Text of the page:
March 18, 2011 — NASA debuted this week its new website that celebrates women’s contributions to science and exploration.
The Women at NASA website was developed to encourage more young women to pursue careers in math, science, and technology. Through a collection of videos and articles, the Women@NASA project shares the stories of 32 women across the agency who contribute to NASA’s mission in many ways.
“We hope that these stories will inspire girls everywhere to reach for the stars, and explore the myriad of opportunities available,” the website states.
The website includes stories, such as about Maria Noack, who went from being a waitress to working at NASA, where she takes a leading role in physics. So how did she get a job at NASA? Well, first she graduated with a degree in theater from the University of California. Click on her link above to read about the rest of her story.
Janet Petro, on the other hand, took the route you’d expect. She went to the United States Military Academy at West Point, graduated, and today shares responsibility managing the Kennedy Space Center team of approximately 15,000 civil service and contractor employees, determining and implementing center policy, and managing and executing Kennedy missions and agency program responsibilities.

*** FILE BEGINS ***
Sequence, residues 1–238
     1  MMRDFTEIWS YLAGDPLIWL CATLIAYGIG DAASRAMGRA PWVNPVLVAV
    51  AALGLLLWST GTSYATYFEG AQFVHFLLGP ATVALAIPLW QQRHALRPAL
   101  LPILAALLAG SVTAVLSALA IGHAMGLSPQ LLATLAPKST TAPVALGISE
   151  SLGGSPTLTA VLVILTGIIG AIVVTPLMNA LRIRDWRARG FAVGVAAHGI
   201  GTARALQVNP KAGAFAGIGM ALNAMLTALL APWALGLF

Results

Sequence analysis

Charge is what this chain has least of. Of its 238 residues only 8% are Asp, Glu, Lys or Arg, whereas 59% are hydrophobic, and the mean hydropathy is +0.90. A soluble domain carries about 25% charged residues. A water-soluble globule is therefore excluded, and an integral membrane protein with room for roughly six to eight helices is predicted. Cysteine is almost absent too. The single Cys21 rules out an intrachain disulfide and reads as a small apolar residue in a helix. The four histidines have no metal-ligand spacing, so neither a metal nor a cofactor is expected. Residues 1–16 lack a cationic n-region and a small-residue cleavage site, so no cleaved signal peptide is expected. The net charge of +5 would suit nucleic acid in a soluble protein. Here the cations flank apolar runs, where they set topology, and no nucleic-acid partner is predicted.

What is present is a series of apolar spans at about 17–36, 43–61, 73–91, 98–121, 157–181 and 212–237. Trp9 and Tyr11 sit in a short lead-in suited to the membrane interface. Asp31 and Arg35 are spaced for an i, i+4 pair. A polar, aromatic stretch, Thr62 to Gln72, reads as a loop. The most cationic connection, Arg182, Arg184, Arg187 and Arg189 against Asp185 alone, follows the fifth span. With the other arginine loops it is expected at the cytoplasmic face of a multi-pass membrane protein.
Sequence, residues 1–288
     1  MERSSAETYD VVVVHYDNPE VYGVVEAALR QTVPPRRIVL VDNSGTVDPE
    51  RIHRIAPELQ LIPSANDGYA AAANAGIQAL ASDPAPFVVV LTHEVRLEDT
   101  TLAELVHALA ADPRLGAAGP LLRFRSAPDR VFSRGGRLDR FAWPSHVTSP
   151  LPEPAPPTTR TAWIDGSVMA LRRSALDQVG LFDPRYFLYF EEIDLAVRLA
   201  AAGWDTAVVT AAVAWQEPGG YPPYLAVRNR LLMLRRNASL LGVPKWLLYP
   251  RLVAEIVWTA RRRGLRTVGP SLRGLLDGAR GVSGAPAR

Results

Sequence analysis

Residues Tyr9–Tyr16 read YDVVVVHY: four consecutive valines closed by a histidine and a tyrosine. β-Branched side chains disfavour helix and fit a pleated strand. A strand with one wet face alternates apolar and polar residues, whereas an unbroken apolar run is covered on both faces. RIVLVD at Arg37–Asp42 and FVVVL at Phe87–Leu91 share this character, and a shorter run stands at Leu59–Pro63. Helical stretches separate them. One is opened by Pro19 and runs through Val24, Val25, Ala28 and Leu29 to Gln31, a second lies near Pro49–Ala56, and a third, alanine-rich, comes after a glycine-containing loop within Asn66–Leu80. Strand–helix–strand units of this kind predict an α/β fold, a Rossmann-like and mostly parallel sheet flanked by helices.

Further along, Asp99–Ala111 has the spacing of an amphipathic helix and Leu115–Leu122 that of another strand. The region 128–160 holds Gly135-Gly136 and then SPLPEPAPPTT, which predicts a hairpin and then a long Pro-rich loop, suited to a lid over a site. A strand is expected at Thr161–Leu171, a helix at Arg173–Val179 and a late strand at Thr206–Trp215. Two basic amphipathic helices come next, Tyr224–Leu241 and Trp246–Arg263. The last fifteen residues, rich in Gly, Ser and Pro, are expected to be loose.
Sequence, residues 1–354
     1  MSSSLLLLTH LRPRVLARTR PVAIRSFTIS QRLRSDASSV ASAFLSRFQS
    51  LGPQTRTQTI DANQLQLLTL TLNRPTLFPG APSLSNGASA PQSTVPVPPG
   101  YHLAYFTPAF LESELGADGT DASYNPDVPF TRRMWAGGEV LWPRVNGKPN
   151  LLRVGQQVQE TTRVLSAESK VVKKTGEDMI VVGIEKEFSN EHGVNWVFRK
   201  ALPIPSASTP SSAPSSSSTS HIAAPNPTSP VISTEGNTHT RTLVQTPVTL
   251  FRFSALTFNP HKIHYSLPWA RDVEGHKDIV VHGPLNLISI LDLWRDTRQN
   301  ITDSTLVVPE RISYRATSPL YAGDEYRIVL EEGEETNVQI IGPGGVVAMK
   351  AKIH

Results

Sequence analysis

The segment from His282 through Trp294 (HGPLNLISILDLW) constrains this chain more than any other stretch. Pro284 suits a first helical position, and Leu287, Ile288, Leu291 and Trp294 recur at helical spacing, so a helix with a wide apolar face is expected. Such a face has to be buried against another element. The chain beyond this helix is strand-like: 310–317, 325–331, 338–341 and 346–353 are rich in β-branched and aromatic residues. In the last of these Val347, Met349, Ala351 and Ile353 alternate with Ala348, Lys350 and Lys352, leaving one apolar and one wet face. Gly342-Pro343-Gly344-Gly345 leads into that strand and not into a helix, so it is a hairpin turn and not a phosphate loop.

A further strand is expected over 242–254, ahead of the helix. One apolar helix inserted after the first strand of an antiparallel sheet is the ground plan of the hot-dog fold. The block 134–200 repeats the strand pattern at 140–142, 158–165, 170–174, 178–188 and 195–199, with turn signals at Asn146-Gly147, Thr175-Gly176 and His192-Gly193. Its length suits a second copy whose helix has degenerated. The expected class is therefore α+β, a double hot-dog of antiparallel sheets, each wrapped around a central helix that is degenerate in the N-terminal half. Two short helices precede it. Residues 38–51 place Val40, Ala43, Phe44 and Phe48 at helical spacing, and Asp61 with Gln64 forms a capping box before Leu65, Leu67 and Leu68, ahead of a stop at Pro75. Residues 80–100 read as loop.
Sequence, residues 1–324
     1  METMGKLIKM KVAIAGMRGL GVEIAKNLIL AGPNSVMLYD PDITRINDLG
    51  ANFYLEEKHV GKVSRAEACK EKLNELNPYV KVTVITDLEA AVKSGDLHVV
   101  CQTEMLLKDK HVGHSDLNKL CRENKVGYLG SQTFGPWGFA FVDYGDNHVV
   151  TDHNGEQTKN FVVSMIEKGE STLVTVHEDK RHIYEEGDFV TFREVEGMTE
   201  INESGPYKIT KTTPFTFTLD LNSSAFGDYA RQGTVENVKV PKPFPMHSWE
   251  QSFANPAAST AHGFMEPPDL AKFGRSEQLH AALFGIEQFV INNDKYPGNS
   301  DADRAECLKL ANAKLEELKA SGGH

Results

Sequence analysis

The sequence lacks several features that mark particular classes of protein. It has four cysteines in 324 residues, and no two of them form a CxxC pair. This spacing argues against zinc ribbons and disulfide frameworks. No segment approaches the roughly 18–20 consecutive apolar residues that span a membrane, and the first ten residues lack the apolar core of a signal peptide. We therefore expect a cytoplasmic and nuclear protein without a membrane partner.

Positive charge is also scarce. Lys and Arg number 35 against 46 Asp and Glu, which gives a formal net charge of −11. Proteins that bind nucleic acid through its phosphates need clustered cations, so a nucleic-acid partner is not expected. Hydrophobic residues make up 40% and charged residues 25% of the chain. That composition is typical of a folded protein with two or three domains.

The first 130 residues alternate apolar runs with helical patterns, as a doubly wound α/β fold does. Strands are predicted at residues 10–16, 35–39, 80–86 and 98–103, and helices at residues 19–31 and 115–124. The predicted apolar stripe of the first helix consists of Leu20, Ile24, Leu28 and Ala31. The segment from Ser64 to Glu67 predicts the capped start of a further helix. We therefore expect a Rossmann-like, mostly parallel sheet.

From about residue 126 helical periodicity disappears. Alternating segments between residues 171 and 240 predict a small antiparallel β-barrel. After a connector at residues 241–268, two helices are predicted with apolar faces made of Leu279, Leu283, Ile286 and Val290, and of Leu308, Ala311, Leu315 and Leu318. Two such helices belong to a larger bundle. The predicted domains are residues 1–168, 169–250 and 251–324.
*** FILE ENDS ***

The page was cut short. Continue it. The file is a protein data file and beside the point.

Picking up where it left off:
Dottie Metcalf-Lindenburger’s parents were teachers, who encouraged their daughter to learn and explore. After a visit to a planetarium, one of her favorite pastimes became stargazing. But instead of going right to NASA when she was older, Metcalf-Lindenburger went on to become a teacher. It was a question from one of her students — how do astronauts go to the bathroom in space – that led her to the NASA website where she learned about the educator astronaut position and decided to apply. A year later, she was called in for an interview, and on April 5, 2010, she climbed into space shuttle Discovery and flew to the International Space Station, working with the STS-131 crew.
The site also includes a link to information on careers and internships.
A screen shot of the new Women@NASA website
A screenshot of the new Women@NASA website